Dr Brice Tonfack
I recently joined the FMG group of Prof. Zander Myburg, in the Department of Genetics to bring my small contribution to the challenging study of the secondary cell wall development in woody plants. We focus on Eucalyptus and Poplar and we use Arabidopsis as a model plant for investigations. I am working on a project entitled “Cell wall engineering to improve woody biomass feedstock degradation”. Our main objective is to produce transgenic lines with modified cell wall structure or composition on specific tissues or cells.
I am especially interested on all that touches to the Plant Biotechnology since more than ten years. I did several research practices and perfections in open-field and green-house experiments and in molecular biology.
My research achievements allowed me to approach many relative complementary topics in Agricultural Sciences. This gave me the advantage to acquire and strengthen a large experience on a varied range of techniques and concepts in active domains from Agronomy to Molecular Biology. I had to study banana ripening in relation to conservation (Aghofack-Nguemezi et al., 2006); Moringa oleifera growth and cell wall composition under organo-mineral fertilization (Pamo et al., 2006); tomato production and fruit quality in relation to soil fertility and improvement (Tonfack et al., 2009; 2013); Spondias cythera fruit development (Youmbi et al., 2010), Kola spp. pollen grain conservation (Youmbi et al., 2012).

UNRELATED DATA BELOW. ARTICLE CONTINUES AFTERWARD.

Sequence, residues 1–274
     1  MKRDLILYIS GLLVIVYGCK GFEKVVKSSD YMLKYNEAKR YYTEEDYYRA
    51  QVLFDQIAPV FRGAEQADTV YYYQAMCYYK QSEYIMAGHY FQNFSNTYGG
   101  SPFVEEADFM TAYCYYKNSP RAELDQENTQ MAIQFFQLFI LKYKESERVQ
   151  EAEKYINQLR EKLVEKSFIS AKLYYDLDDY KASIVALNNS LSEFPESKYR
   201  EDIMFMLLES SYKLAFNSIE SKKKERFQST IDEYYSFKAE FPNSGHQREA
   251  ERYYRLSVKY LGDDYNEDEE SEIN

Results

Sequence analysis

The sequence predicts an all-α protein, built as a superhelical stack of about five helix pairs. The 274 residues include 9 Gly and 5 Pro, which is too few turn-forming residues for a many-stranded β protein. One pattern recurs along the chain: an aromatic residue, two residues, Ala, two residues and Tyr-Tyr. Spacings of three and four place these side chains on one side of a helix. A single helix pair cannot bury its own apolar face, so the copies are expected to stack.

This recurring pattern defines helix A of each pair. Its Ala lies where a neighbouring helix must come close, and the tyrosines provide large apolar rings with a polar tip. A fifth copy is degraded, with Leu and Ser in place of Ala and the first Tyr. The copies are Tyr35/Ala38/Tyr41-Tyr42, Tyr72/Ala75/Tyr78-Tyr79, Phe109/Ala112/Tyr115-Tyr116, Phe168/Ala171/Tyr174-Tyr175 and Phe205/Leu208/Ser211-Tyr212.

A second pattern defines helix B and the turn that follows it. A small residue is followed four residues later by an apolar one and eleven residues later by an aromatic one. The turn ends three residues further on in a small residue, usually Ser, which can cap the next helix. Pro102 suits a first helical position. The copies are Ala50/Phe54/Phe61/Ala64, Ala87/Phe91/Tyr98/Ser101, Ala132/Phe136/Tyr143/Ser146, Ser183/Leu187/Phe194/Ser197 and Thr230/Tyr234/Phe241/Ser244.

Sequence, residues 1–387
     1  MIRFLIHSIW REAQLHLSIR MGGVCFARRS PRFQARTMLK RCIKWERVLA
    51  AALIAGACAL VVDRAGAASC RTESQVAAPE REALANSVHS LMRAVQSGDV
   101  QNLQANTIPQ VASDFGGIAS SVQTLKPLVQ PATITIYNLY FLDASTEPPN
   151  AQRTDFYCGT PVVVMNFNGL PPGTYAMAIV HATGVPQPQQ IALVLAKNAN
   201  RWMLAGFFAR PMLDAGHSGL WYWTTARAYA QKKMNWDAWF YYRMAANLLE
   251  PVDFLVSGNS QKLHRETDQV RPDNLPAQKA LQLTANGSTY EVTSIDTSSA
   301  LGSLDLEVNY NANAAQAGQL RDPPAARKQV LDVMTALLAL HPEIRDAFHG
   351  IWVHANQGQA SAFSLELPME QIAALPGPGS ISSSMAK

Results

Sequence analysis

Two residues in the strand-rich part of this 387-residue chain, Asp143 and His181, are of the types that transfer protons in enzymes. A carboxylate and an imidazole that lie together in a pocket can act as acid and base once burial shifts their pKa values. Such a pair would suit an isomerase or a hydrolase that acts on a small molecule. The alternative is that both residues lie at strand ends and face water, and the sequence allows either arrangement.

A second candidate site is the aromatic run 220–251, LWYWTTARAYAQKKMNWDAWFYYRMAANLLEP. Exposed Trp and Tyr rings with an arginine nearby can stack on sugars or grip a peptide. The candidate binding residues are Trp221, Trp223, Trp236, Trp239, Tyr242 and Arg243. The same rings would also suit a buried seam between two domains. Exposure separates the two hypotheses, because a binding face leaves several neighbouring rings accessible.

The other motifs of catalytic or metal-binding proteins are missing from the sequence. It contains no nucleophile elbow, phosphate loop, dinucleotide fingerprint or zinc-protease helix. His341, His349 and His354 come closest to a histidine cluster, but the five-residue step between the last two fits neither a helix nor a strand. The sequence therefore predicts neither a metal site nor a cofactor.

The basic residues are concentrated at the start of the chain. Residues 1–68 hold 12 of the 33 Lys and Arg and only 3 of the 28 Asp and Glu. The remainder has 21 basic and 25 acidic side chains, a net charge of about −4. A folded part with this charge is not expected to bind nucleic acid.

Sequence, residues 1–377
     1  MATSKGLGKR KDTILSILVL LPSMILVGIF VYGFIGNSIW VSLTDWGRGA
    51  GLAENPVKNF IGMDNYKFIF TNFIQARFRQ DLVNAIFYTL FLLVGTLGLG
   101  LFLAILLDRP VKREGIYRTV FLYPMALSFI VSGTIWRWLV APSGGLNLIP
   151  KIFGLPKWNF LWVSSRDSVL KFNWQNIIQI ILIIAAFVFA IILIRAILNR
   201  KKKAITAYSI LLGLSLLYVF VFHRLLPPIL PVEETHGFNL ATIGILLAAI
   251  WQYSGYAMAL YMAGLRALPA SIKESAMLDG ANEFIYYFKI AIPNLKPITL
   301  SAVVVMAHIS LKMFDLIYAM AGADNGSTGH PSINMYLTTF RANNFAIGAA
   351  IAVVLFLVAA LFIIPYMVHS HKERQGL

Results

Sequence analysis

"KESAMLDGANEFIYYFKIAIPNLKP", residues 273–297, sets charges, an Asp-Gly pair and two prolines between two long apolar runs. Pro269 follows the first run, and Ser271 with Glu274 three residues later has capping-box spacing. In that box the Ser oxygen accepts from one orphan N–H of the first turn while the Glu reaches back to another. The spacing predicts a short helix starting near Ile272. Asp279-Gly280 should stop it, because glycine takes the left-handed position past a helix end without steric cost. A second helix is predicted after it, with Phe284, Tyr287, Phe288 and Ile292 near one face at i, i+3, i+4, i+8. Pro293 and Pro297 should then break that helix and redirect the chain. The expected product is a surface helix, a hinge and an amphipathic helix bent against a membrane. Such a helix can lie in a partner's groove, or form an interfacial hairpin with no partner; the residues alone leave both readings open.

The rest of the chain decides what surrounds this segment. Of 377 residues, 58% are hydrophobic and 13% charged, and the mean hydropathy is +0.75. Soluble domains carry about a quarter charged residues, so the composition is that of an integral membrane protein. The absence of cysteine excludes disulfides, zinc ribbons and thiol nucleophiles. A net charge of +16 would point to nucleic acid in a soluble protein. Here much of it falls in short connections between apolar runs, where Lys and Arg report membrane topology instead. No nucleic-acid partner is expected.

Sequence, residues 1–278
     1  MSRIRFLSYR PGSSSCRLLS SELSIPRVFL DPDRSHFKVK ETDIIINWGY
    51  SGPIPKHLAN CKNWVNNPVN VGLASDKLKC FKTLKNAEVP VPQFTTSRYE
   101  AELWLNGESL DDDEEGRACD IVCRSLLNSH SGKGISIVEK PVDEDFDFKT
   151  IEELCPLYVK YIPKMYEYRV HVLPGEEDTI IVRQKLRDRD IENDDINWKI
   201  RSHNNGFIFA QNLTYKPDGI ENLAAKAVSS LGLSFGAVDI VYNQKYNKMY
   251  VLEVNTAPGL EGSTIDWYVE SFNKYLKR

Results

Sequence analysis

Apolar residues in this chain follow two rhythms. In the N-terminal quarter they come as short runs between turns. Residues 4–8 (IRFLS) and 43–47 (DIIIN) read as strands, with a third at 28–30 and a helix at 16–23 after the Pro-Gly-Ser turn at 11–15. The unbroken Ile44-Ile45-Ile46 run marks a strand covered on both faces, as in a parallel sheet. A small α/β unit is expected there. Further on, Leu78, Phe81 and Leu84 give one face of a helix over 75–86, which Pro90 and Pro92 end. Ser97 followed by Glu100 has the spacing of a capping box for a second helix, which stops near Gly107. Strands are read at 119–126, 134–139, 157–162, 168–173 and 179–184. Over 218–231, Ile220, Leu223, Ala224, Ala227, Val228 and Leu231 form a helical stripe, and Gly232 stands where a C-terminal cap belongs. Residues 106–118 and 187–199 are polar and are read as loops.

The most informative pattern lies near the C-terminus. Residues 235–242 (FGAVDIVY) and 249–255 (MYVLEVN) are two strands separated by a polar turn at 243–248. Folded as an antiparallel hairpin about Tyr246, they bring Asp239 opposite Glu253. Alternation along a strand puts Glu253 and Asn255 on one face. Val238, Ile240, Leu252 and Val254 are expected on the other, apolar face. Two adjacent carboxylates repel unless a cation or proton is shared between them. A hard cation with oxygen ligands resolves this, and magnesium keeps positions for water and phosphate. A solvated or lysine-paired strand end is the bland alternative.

In the domain of functional genomics, we studied the functions of the plant Short Dehydrogenase-Reductases (SDRs) superfamily where their roles have been documented and discussed their phylogenetic diversification and structural features (Tonfack et al., 2011). We also investigated the potential role of uncharacterized SDRs in aroma biosynthesis (GFP mediated protein localization, plant gene silencing by RNAi strategy, recombinant protein production in bacterial system and in vitro protein kinetics… Moummou et al., 2012). Our interest to SDRs gave us to investigate also in the combined use of Hidden-Markov Models and phylogenetic analyses on a set of genomes representative of plant diversity, in order to conduct a global inventory and a functional classification of plant SDRs (Moummou et al., 2012).